Anaheim, CA — An Anaheim police officer is receiving media coverage this week for his utter failure at the oath he took to uphold the constitution. Clearly forgetting that all Americans have the right to record in public, officer Michael R. Lozeau confronted a reporter for the Voice of OC for practicing his First Amendment right.
According to the reporter, Spencer Custodio, he was in Maxwell Park to report on the recent enforcement sweeps against homeless people in the area when he witnessed Lozeau detaining three people.
When Custodio recognized one of the homeless men as Les Greenberg he began doing his job as a reporter. As he began snapping pictures from a distance—not interfering with the officer in the least—Lozeau proceeded to break his oath to the constitution.
“Hey, uh, want to ask my permission?” Lozeau said.
“I’m a reporter – Voice of OC,” Custodio replied.
“I don’t care who you are,” the sergeant replied. “Have a common respect, and ask my permission if you wanna take my picture.”
“Well, may I take your picture?” Custodio asked.
“No,” said the sergeant.
“It’s a First Amendment right, sir,” said Custodio.
“Yeah it is – okay. That’s good,” Lozeau said.
“Okay,” Custodio replied.
“Wanna play that game, huh?” the sergeant asked.
“I’m not trying to play games,” Custodio replied.
“Keep an eye – stay where I can see you, alright? Or leave,” Lozeau said.
“Okay,” Custodio said.
“You understand?” asked Lozeau.
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“You got it,” Custodio replied.
Filming the police is entirely legal in every state. However, all too often, we will see police officers overstep their authority and arrest, attack, and assault innocent people for the constitutionally protected act of documenting their behavior in public.
As TFTP has reported, it has been clearly established that all Americans have the right to record the police. For an officer of the law to remain willingly ignorant of this precedent is at best, dereliction of duty, and at worst, unlawful deprivation of rights. Either way, this cop was in the wrong.
As the ACLU points out,
Taking photographs and video of things that are plainly visible in public spaces is a constitutional right—and that includes transportation facilities, the outside of federal buildings, and police and other government officials carrying out their duties.
Unfortunately, law enforcement officers have been known to ask people to stop taking photographs of public places. Those who fail to comply have sometimes been harassed, detained, and arrested. Other people have ended up in FBI databases for taking innocuous photographs of public places.
The right of citizens to record the police is a critical check and balance. It creates an independent record of what took place in a particular incident, one that is free from accusations of bias, lying, or faulty memory. It is no accident that some of the most high-profile cases of police misconduct have involved video and audio records.
VOC called the Anaheim police department after the incident who noted that it is indeed legal for Custodio as well as any other person to film police in public.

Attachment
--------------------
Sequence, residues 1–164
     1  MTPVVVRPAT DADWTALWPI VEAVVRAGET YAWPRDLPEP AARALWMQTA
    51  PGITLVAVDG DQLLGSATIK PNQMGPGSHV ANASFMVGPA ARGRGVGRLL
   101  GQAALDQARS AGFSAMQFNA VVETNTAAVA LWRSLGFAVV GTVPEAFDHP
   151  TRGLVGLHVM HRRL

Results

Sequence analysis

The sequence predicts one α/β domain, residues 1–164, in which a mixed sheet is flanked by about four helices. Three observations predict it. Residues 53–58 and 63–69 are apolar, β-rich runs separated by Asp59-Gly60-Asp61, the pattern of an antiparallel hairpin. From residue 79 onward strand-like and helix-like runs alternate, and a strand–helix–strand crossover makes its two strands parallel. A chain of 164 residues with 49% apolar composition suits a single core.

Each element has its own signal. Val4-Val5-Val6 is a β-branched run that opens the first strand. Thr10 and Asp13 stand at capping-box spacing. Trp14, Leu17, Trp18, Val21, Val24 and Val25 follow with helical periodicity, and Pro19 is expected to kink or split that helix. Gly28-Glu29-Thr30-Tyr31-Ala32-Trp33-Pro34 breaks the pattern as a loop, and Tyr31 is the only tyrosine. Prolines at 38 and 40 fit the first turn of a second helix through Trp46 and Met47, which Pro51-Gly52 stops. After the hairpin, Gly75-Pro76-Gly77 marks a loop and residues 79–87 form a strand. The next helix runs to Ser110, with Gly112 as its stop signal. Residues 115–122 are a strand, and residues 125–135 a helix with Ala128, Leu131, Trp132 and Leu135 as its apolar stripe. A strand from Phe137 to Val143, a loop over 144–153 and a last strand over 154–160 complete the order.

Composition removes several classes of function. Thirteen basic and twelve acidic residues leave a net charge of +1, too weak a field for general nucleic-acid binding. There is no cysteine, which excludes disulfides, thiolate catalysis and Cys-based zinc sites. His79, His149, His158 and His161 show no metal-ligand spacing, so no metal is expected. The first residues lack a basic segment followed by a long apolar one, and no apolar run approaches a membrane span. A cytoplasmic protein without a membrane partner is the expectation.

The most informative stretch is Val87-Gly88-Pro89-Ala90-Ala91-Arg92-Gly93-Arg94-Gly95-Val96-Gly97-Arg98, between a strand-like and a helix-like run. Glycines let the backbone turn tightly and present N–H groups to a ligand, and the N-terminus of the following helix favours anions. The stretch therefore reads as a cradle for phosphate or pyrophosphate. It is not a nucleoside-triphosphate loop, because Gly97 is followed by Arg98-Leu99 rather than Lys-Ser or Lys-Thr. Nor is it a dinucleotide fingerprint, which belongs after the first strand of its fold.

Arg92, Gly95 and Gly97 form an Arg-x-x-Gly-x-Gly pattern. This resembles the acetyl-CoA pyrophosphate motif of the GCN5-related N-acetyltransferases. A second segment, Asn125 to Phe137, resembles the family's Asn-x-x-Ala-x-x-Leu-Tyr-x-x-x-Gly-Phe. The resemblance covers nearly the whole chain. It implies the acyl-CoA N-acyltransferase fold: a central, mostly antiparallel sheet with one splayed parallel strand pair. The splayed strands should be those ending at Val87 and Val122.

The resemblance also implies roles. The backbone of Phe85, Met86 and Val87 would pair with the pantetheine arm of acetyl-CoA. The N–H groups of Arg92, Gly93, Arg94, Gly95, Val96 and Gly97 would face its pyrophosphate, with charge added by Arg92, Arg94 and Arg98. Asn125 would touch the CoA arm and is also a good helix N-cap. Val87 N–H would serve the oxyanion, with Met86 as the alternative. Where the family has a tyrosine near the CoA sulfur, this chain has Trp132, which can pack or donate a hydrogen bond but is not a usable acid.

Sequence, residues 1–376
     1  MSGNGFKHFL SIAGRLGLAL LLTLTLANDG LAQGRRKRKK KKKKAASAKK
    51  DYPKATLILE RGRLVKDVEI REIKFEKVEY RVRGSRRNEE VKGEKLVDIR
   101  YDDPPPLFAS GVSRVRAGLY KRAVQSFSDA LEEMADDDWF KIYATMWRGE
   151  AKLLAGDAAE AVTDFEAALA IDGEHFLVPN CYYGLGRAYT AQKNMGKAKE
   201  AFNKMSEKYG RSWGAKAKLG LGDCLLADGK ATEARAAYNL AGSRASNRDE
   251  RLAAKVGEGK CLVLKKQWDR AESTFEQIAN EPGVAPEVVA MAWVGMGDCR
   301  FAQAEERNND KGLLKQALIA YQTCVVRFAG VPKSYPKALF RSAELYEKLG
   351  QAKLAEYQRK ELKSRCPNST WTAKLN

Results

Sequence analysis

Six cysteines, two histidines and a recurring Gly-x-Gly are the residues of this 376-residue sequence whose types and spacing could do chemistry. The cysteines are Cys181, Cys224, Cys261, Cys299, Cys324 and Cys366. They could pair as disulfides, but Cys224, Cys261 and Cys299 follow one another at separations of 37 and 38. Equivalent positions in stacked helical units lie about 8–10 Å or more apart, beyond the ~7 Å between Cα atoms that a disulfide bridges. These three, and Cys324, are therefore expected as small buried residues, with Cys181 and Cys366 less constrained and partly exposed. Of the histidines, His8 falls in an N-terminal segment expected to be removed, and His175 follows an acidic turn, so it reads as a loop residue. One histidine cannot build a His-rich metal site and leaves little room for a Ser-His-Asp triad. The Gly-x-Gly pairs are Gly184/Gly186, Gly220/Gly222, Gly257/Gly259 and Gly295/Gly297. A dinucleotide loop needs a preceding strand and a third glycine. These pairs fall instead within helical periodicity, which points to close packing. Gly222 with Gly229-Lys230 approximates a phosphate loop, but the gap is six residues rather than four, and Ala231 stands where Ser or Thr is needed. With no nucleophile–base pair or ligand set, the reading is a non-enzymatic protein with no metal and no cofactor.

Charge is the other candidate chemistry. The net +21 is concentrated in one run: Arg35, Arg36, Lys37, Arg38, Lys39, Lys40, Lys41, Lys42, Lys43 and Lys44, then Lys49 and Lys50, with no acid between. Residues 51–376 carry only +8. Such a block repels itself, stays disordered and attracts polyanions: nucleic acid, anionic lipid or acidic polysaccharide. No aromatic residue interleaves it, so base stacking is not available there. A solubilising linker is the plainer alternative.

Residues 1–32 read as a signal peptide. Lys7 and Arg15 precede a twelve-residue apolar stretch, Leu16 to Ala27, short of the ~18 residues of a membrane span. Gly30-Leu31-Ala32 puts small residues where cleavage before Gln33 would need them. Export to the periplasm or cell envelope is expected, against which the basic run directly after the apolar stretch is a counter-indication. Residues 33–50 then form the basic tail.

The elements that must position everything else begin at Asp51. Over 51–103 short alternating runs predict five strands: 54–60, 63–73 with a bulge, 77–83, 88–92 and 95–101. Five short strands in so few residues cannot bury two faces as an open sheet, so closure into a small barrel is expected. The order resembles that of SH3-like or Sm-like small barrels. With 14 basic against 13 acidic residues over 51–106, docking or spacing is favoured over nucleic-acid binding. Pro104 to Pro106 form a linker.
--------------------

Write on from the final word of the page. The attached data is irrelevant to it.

According to the VOC, the Anaheim Police Department’s spokesman, Sgt. Daren Wayatt, said “courts have repeatedly ruled that police officers can be filmed in their duties,” unless it’s interfering with their duties.
“Generally if you’re out of their way and not interfering with them, it should be okay,” Wyatt said.
However, Wyatt then went on to defend his officer for telling the reporter he needed his permission to film him.
Wyatt said he spoke with Lozeau, and his story “is a lot different.”
“He did say that they were out on a car stop, that a person he didn’t know” started taking photos, Wyatt said.
“And [Lozeau] made a comment that, ‘Hey are you going to ask my permission before you take my [picture]?”
“He never told him he couldn’t take pictures. Never told him he couldn’t take pictures of [officers]. And I understand [the reporter] may have taken it as flippant, but [Lozeau] felt the reporter…rolled up on them unannounced, didn’t tell him who he was, what his purpose was,” Wyatt said.
“It probably would have gone a lot different if Spencer identified himself” and explained he was working on a story, Wyatt said.
To reiterate, there is no language in the constitution that requires anyone to ask for permission or identify yourself as a reporter before practicing your rights. Indeed, freedom of press and speech applies to all citizens—not just reporters.
What's more, according to VOC, Lozeau has a history of going after people who film him. Last year, homeless activist Lou Noble filed a federal civil rights lawsuit against Anaheim alleging Lozeau illegally arrested the activist for filming him at Maxwell Park in 2015, the VOC reported..
This flagrant violation of citizens' rights should be exposed every time it happens. If these officers are not called out for their failure to maintain their oath to the constitution, it will continue to get worse—until one day, when cops arresting people for filming becomes the norm.